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Indiana juvenile justice bill first in nation

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In what started at a summit hosted by the Indiana State Bar Association in August, House Enrolled Act 1193, which authorizes a work study commission to consider various juvenile justice issues in Indiana, was signed by the governor March 17.

The commission will be made up of representatives of various people who oversee the juvenile justice system, as well as stakeholders who regularly work with children in and out of the classroom. Starting in July, the yet-to-be appointed commission members will begin meeting on a monthly basis to discuss best practices for handling juvenile justice matters, including what is happening in Indiana and in other states.

Rep. Linda Lawson, D-Hammond, who authored the bill, said she was pleased even though original language about mandatory training for police officers who deal with juveniles on a regular basis was deleted before it passed out of the Senate Judiciary Committee. That committee stated fiscal reasons for cutting the training portion from the bill.

Lawson, herself a retired police officer, said training could still be implemented at a later date, or the commission could recommend training based on their findings.

She added that according to a recent study by the Pew Center on the States, released March 17, Indiana had the highest percentage increase of people in prison from 2008 to 2009. She said the study by a non-partisan group affirmed what the bill was all about, which is the need for the various stakeholders in Indiana's justice system to think about what these statistics mean. That includes how those statistics relate to the juvenile justice system's statistics, which the Pew Center included in its research.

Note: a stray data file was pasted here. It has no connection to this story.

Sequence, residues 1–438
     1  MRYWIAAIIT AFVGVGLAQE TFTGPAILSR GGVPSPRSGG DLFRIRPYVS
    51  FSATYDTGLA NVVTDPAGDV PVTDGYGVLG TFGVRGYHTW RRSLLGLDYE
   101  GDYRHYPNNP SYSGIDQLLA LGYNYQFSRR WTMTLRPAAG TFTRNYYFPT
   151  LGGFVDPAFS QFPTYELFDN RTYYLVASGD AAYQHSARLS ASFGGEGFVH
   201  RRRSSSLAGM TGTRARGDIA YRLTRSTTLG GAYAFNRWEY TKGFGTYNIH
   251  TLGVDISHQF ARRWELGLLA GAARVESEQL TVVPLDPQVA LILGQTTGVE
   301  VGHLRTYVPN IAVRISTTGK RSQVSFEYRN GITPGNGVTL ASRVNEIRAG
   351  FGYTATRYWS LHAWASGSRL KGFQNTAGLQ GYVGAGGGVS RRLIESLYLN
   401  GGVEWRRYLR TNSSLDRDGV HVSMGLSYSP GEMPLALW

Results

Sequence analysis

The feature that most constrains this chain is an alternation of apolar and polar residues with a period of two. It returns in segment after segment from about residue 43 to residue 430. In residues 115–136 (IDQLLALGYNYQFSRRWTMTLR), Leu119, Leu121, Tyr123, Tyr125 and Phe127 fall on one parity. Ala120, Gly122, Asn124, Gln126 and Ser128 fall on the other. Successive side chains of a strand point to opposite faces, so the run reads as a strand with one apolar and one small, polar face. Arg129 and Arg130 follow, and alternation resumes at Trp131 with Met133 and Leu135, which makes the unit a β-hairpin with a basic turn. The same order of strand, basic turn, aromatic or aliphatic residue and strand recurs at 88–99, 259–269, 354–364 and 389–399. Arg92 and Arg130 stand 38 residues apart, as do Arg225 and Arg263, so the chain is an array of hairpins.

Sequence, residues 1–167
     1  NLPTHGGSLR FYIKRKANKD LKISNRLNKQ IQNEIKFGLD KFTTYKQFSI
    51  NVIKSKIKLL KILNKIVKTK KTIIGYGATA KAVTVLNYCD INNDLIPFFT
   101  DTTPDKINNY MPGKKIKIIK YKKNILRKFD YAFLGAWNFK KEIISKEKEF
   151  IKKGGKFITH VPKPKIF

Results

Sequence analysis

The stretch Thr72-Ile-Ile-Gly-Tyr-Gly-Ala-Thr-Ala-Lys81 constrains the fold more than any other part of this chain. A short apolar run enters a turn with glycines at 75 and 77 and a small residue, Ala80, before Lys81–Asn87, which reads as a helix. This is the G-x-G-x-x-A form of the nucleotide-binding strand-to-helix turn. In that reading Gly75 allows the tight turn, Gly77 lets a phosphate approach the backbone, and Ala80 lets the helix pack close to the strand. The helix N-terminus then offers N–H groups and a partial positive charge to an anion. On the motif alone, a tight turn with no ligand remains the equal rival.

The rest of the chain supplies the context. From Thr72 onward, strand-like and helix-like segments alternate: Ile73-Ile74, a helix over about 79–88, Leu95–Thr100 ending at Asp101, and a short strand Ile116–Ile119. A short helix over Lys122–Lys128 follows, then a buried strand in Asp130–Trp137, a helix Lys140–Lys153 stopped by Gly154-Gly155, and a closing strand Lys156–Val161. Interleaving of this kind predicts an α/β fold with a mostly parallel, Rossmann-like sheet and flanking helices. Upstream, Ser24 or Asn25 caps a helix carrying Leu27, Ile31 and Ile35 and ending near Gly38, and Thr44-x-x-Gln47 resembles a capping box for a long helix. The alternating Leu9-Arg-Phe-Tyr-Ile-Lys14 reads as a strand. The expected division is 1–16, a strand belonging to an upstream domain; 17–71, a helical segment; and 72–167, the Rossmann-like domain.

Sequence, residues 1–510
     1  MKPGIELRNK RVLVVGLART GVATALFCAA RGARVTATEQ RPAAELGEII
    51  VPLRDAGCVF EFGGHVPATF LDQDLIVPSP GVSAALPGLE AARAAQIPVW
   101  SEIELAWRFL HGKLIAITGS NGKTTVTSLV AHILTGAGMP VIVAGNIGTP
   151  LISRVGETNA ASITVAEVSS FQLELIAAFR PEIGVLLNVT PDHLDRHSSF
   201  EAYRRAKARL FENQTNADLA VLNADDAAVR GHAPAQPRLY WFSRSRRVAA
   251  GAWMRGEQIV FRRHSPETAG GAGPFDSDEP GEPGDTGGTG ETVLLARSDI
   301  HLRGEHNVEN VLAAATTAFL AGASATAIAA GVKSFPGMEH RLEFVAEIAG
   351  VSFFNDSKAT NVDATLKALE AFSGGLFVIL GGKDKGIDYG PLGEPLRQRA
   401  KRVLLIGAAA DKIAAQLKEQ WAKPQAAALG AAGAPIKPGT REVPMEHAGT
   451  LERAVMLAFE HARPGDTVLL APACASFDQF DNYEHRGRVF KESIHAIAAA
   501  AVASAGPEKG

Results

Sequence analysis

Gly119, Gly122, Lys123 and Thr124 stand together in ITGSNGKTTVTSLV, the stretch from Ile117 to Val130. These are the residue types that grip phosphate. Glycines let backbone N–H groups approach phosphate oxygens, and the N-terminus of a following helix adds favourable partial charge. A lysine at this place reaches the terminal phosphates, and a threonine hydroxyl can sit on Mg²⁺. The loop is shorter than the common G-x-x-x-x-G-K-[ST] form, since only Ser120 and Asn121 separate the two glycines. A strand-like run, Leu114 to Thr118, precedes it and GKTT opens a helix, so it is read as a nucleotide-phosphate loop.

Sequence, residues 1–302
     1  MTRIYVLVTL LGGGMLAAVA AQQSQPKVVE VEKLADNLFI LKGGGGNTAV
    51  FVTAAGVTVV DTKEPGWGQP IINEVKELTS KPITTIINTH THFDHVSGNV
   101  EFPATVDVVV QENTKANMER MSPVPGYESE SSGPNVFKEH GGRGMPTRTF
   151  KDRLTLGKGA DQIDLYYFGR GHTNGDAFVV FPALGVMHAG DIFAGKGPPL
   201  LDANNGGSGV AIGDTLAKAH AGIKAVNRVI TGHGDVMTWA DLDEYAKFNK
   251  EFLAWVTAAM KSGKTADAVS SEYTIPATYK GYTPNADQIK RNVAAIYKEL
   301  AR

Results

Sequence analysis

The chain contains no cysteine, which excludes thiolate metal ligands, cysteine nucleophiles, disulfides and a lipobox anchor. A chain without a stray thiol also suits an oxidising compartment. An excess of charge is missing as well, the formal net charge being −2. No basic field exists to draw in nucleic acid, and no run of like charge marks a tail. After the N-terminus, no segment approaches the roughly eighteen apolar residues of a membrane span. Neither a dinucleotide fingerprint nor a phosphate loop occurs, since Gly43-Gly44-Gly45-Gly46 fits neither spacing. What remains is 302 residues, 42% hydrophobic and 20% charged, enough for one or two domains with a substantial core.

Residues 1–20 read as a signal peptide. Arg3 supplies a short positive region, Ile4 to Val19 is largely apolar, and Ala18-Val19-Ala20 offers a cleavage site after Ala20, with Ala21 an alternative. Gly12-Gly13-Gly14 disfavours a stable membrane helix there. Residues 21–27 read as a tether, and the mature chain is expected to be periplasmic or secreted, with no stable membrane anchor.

"Without being nudged or told, we already knew we needed to do something about kids being detained and arrested for unnecessary reasons," Lawson said. "I look forward to seeing the work group get started, and I'm anxious to see the end result."

JauNae Hanger, a civil rights attorney in Indianapolis who helped organize the summit, and Judge Steven Teske, a juvenile judge in Clayton County, Ga., who spoke at the ISBA's conference and testified before the Senate and House judiciary committees in support of the bill, agreed.